Hardcover pub. date
January 2008
ISBN 9780870711961 (hardcover)
5-1/2 x 9 inches, 183 pages. B&W Illustrations. Notes Bibliography. Index.
Temporarily Out of Stock

Aetna and the Moon

Explaining Nature in Ancient Greece and Rome

Liba Taub
Edited by Mary Jo Nye and Paul Farber.

Classical authors used both prose and poetry to explore and explain the natural world. In Aetna and the Moon, Liba Taub examines the variety of ways in which ancient Greeks and Romans conveyed scientific information. Oregon State University Press is proud to present this inaugural volume in the Horning Visiting Scholars Series.

In ancient Greece and Rome, most of the technical literature on scientific, mathematical, technological, and medical subjects was written in prose, as it is today. However, Greek and Roman poets produced a significant number of widely read poems that dealt with scientific topics. Why would an author choose poetry to explain the natural world? This question is complicated by claims made, since antiquity, that the growth of rational explanation involved the abandonment of poetry and the rejection of myth in favor of science.

Taub uses two texts to explore how scientific ideas were disseminated in the ancient world. The anonymous author of the Latin Aetna poem explained the science behind the volcano Etna with poetry. The Greek author Plutarch juxtaposed scientific and mythic explanations in his dialogue On the Face on the Moon.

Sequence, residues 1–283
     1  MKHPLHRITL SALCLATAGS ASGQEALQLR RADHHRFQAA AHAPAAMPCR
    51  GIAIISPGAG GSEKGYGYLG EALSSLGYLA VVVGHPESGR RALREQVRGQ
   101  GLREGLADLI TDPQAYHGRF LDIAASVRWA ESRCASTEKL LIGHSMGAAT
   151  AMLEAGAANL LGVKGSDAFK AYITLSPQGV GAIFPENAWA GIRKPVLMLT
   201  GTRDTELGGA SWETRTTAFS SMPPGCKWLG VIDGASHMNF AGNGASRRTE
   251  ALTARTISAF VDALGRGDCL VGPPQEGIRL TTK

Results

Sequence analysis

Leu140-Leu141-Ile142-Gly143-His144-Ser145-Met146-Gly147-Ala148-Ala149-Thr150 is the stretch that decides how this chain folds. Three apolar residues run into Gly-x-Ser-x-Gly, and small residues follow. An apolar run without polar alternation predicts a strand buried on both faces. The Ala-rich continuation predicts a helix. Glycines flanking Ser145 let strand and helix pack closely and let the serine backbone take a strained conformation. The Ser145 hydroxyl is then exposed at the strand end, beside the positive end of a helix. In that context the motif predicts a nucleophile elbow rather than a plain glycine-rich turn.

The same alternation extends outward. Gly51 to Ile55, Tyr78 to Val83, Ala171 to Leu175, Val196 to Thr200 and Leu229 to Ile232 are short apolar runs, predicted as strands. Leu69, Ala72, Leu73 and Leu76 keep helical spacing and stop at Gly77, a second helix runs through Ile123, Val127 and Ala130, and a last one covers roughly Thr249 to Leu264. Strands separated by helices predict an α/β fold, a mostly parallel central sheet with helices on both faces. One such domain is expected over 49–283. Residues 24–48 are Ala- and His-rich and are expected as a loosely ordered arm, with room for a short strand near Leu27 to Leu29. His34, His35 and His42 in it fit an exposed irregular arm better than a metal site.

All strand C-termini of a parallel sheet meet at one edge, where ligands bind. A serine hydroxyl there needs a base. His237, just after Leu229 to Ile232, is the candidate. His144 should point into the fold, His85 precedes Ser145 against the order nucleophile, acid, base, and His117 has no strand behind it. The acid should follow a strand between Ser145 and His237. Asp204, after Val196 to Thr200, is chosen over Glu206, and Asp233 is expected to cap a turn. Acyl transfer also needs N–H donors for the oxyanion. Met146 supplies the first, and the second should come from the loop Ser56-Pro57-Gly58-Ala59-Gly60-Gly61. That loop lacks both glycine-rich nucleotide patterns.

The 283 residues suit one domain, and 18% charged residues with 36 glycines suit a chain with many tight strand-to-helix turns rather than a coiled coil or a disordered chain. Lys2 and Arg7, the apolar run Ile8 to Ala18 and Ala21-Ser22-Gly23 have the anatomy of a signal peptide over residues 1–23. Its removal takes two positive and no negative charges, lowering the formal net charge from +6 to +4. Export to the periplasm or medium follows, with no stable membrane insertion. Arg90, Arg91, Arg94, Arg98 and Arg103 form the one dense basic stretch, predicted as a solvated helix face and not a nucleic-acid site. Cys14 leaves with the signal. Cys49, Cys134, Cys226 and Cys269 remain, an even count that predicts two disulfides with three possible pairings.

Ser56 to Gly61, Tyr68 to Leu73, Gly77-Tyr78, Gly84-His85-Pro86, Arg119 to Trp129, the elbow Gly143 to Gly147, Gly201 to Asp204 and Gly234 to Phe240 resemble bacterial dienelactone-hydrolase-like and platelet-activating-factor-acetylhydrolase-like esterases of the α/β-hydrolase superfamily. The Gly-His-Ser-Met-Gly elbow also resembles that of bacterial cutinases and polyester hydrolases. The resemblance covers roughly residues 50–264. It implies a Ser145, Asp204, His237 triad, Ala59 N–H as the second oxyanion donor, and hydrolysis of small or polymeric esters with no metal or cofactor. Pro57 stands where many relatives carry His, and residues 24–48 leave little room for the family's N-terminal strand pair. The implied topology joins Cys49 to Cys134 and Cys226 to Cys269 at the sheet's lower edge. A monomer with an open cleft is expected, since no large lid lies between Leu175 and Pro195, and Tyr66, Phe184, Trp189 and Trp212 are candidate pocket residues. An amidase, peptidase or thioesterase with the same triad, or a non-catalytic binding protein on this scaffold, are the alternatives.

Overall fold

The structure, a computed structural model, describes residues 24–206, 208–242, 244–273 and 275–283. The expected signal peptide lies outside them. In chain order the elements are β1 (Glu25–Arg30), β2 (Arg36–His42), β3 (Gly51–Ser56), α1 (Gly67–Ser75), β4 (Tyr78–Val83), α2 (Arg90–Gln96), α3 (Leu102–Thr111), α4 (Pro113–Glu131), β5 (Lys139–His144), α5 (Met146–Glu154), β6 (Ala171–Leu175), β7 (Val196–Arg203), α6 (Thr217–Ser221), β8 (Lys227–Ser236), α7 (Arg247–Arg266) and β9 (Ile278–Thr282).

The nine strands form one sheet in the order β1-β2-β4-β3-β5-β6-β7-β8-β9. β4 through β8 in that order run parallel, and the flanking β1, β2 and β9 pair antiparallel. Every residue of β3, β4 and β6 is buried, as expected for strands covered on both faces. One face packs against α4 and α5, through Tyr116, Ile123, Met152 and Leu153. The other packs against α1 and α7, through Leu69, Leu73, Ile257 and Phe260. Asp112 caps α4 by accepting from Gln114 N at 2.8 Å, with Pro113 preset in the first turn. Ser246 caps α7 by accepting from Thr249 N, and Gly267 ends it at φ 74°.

Both texts provide a lens through which Taub considers the nature of scientific communication in ancient Greece and Rome. General readers will appreciate Taub’s thoughtful discussion concerning the choices available to ancient authors to convey their ideas about science—as important today as it was in antiquity—while Taub’s careful research and lively writing will engage classicists as well as historians of science.

About the author

Liba Taub is Director and Curator of the Whipple Museum of the History of Science and Reader in History and Philosophy of Science at University of Cambridge. Her research and scholarship focus on the history of early science and the history of scientific instruments. She is the author of Ancient Meteorology and Ptolemy's Universe: The Natural Philosophical and Ethical Foundations of Ptolemy's Astronomy.

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